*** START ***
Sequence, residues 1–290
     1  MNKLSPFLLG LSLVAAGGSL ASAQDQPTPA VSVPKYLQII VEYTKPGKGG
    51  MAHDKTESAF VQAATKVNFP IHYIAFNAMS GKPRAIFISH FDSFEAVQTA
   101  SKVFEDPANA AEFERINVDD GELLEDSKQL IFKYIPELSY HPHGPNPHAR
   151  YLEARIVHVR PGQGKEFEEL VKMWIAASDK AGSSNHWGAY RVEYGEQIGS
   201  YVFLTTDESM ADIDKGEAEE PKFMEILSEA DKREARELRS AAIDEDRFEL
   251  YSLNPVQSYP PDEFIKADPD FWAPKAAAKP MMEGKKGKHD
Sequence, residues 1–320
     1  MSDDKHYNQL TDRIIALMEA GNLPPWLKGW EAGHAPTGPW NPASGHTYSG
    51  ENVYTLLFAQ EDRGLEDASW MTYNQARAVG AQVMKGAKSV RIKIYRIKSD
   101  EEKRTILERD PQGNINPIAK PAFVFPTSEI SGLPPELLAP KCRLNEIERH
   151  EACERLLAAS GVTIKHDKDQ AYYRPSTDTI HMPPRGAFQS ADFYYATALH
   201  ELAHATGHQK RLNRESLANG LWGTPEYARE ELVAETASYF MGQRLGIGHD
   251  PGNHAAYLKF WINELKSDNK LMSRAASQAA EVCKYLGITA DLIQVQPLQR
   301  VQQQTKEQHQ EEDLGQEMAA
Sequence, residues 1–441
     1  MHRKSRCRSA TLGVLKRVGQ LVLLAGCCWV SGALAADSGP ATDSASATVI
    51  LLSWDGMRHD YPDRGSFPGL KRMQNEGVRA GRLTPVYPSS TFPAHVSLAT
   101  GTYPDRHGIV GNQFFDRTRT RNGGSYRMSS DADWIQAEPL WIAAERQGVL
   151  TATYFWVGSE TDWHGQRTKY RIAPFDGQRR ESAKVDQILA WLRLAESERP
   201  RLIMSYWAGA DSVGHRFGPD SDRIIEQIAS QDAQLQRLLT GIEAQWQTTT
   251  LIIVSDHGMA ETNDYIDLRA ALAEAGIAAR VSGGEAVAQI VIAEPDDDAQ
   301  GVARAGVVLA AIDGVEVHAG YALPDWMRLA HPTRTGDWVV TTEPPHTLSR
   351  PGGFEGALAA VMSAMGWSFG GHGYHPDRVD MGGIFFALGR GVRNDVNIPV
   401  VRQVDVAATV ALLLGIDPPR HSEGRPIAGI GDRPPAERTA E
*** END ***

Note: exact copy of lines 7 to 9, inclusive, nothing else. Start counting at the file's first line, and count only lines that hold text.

   251  YSLNPVQSYP PDEFIKADPD FWAPKAAAKP MMEGKKGKHD
Sequence, residues 1–320
     1  MSDDKHYNQL TDRIIALMEA GNLPPWLKGW EAGHAPTGPW NPASGHTYSG